|rather 'modern' Gothic touch|
My friend Larry has often mentioned the 1896 Wooler Friends Meeting House. Of the Quaker persuasion himself, he has promised to bring me to meeting some time. As it turns out, I came upon the place by happy accident last fall, on a back-roads trip toward the village of Hastings.
After an autumn wander in the silence of the historic cemetery, watching the sun travel the sky, I believe I have already experienced something very special here. Peace.
|simple panelled doors, white clapboard|
A simple white frame structure, unadorned even by contrasting paint colour on window trim or door. Understated. Leaving room for us witnesses to find the beauty.
|you'd never tire of this vista|
This lovely little spot - the 1884 Christian Church - must have a story, a congregation. The cemetery on the crest of the hill reminds us that it has had one, for a long time.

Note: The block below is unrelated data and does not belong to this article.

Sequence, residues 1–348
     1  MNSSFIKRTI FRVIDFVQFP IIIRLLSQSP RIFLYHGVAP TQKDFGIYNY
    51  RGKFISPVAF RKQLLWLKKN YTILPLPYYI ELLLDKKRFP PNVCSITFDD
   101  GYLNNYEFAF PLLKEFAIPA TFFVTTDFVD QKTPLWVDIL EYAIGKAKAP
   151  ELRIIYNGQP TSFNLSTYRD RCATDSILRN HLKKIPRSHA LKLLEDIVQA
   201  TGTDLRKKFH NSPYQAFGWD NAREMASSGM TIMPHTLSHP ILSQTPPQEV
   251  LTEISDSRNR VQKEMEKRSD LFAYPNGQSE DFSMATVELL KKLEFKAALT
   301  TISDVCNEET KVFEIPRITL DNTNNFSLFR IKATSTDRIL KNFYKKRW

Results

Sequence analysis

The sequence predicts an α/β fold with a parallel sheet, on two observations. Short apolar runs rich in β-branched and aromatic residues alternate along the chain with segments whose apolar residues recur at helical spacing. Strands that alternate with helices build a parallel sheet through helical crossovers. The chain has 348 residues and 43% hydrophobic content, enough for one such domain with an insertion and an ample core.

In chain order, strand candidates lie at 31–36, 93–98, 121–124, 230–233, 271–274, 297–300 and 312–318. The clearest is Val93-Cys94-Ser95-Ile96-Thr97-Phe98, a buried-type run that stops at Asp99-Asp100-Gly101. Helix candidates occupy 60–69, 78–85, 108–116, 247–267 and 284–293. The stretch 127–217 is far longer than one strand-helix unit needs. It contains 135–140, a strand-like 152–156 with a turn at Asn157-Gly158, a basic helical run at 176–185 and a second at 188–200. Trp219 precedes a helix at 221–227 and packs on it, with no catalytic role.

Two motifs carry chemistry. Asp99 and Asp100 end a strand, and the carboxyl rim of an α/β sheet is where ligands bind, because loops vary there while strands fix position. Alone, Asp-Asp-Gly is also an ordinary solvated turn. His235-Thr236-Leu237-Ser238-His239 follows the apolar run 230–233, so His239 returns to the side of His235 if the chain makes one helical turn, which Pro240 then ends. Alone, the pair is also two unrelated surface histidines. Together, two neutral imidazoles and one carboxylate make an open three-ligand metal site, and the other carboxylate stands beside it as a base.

I must add a third lovely community church to this post. Last spring, I travelled with a group of Hastings County Historical Society types on a backroads tour ("Tales from the Hastings Woods") led by historian/writer Bill Hunt. As it was to turn out, it was Bill's last; he passed away not long ago, and we are bereft.
This little church, beloved of the local volunteers who maintain it, and open it for a service each summer - as well as for us that day - is Hazzards Corners United Church. Friend Katherine is one of that faithful group of supporters. Her homage on the outstanding blog Meanwhile, at the Manse says it better than I ever could.
It was a memorable visit for everyone. For me, the heady scent of the black locust trees in full bloom towering over the simple country church bordered on a religious experience.